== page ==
Differences between France and other countries on the conflict are meaningful. The U.S. has said it may begin flying Rwandan troops into the CAR in the near future. The UN and the European Union show similar lack of urgency. The EU proposal to send a battalion-sized force, perhaps 1,000 troops, has not yet been implemented. UN Secretary-General Ban Ki-Moon declared, "The UN may consider next month recommendations for a possible UN peacekeeping force."

France did not wait for "next month." France acted as soon as it became conscious of the need for action. French President François Hollande made the situation in the CAR a prominent section of his speech at the UN which then passed a resolution to take action. The UN Security Council in Resolution 2127 of December 5, 2013 did belatedly welcome the strengthening in CAR of French forces, 450 of whom were already there, as well authorizing for a year the deployment of 4,000 troops of MISCA (the African-led International Support Mission in CAR), which is supposed to do the fighting. MISCA had replaced FOMAC, a military force drawn from three countries in Central Africa. Before taking any further action the UN is waiting for a report on the deployment of the African Union troops.

These African armed units may play some role but France is in the forefront. France of course has historic ties with CAR, a country that has been is largely invisible from the screen of American policy. Between 1910 and 1960 the CAR was essentially a protectorate of France, as one of the four units of the French Equatorial African Federation. The CAR gained independence in 1960, but it has remained part of "Françafrique," the French special relationship with former African colonies.

France has no economic or imperial interests in CAR. French intervention in CAR can be understood as having occurred partly because of historical ties and partly to protect civilians, restore law and order, disarm the militias and armed groups, help rebuild the state, and stabilize the humanitarian situation. It can also be explained by a certain French eagerness to show it can still play a role on the international scene, if not a major one as in former years when Jacques Foccart, the adviser to presidents on African affairs, was said to have been a major force in shaping French policy on Africa.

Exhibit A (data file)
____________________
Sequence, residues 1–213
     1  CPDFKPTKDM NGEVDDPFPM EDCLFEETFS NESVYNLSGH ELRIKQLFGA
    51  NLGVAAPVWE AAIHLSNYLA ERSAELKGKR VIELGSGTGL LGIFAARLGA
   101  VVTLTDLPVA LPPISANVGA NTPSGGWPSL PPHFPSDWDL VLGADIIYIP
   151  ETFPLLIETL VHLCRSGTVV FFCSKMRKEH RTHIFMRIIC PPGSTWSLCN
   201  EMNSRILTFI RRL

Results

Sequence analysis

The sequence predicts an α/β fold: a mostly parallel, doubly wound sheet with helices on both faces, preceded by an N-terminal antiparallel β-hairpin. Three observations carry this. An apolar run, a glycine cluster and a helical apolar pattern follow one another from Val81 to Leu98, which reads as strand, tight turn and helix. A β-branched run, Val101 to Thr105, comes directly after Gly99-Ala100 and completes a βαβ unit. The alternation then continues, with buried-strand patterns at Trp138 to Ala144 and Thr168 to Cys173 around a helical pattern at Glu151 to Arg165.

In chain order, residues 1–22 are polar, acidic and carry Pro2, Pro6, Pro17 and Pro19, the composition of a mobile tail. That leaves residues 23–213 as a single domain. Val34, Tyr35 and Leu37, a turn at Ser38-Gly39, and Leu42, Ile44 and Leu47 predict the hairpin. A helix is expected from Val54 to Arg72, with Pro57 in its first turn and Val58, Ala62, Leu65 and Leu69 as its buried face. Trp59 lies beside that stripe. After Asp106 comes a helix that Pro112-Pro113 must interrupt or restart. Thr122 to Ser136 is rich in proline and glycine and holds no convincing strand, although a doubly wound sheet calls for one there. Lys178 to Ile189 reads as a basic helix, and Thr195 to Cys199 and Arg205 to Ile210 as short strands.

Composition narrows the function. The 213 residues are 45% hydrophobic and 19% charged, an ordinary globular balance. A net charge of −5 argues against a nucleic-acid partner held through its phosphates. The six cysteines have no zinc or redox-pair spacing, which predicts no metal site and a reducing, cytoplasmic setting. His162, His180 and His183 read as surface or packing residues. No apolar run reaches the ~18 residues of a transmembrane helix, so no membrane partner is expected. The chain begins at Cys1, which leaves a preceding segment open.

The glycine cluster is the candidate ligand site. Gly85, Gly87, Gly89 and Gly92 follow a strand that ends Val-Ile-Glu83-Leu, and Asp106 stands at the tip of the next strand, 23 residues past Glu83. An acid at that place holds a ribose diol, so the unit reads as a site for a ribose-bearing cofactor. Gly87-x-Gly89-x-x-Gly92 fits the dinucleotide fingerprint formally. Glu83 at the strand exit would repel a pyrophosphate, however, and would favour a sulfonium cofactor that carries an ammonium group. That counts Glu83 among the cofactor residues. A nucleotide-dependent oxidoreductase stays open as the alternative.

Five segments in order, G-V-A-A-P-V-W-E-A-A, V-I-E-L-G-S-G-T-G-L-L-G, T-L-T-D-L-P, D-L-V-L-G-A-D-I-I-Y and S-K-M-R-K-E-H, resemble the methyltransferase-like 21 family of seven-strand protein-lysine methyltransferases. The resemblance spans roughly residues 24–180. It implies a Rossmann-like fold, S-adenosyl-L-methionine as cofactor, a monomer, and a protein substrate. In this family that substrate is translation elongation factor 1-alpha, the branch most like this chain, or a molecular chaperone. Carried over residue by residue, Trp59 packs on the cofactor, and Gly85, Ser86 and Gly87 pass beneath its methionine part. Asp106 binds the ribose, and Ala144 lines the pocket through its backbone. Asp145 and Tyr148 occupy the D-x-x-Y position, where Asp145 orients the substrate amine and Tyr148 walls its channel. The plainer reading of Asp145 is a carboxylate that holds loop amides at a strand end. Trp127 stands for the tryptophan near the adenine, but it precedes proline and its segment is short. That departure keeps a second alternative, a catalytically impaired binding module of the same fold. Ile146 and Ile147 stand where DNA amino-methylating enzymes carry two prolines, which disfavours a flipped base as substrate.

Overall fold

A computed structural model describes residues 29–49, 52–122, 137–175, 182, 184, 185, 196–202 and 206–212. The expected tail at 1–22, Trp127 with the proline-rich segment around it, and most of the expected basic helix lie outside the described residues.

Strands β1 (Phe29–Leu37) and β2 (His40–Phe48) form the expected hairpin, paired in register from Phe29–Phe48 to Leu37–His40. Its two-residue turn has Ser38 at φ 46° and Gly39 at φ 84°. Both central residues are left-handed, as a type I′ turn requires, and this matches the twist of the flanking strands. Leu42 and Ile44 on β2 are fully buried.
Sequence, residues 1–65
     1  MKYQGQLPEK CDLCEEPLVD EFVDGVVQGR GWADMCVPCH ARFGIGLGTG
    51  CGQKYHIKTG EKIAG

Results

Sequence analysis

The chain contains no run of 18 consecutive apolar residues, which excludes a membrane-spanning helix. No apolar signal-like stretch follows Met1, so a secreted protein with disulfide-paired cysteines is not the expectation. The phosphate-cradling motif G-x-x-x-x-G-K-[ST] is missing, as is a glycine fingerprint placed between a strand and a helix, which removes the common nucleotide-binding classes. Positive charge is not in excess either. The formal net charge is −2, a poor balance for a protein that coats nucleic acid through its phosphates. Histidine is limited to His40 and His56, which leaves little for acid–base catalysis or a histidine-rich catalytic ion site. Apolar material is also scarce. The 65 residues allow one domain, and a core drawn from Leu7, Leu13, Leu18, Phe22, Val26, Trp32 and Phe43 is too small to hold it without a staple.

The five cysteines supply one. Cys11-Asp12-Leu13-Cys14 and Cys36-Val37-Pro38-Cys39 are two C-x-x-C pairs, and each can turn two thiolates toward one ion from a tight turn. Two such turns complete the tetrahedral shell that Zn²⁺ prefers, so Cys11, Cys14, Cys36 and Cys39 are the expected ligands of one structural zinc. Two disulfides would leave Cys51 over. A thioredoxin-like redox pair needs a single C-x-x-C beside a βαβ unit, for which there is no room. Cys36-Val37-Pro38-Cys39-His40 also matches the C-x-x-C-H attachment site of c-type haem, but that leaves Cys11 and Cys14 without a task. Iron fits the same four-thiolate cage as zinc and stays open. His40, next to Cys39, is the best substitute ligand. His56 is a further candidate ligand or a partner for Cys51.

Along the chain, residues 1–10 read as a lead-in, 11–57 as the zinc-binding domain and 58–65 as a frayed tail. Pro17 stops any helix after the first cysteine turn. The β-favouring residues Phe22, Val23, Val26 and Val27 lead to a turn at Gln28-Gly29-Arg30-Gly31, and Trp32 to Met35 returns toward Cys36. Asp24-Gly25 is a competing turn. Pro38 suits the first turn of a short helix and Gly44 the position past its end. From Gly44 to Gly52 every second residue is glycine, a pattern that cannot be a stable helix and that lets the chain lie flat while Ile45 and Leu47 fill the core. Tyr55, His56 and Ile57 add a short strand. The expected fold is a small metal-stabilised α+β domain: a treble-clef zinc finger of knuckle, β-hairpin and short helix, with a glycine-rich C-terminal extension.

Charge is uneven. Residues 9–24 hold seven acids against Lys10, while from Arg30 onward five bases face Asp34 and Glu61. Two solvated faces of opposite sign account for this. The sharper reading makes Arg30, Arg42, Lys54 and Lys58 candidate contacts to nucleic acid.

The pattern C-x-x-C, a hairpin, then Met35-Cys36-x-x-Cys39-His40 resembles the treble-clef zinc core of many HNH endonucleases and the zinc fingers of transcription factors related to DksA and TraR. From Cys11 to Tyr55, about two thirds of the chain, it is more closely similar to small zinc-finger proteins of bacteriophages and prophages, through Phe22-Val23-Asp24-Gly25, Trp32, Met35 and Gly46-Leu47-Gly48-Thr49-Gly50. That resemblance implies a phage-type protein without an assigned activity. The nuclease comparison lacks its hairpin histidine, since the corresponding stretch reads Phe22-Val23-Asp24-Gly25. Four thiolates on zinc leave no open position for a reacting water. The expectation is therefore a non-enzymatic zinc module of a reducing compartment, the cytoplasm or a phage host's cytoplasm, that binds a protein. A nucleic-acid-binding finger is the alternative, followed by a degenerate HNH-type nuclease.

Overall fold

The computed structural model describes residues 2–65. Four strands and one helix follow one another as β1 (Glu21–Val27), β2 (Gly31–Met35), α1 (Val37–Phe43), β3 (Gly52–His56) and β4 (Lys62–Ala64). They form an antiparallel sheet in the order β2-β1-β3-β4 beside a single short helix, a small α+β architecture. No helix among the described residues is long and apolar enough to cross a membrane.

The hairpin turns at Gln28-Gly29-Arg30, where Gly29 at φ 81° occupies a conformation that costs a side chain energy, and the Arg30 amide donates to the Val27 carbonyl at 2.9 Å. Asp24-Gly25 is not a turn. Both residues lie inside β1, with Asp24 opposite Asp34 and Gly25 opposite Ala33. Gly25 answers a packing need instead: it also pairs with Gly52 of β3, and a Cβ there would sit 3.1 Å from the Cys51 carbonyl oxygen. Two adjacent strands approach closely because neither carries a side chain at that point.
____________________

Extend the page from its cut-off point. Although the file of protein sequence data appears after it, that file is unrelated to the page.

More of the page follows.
Yet above all and most important, in the context of contemporary events, is the fact that France continues to take a strong stance against the spread of Islamic terrorism in general and the groups associated with al-Qaeda in particular. The United States and the UN should pay attention.

Michael Curtis is author of Jews, Antisemitism, and the Middle East.

In little more than a year, France has intervened twice with military missions to counter Islamic violence in its former colonies in Africa. In January 2013 French forces were successful in beating back well-trained Islamist forces and al-Qaeda extremists who had captured part of Mali. In December 2013 France took the lead to try to end the violence in the Central African Republic (CAR) that had originally been started by Islamic armed groups. With the endorsement of the United Nations, and nominally supporting an African force, France intervened to restore law and order "by all necessary measures," in what is now a dysfunctional and chaotic society, and to provide humanitarian aid.

President François Hollande has said that France is not the gendarme of Africa. Nevertheless, France has realized that the price of intervention may be less than the price of non-action. The French actions in Mali and presently in CAR against Islamic intrusions in Africa illustrate a decisiveness and a coherent military strategy against the most important threat to Western civilization today. France's policy presents a stark contrast to the chronic indecisiveness, amateurism, and lack of strategic vision of the Obama Administration.

The United States is not now, and should not be, the arbiter of world politics, and few American decision makers would approve direct military involvement in international conflicts. Yet one expects a greater concern and a less passive attitude towards those conflicts -- above all those resulting from the threat of Islamic fundamentalism -- than has recently been the case with the Obama Administration. On November 20, 2013, Secretary of State John Kerry was "deeply concerned by the ongoing crisis in CAR and the deplorable levels of violence and lawlessness that affect millions of people every day." Again, on December 26, he informed the world. "The U.S. is alarmed by the December 24 and 25 attacks in the CAR."

Although the number of atrocities was increasing and despite his statements of concern, Kerry then left to go on one of his ten trips to solve what he and the U.S. State Department considered more urgent, the Arab-Israeli conflict.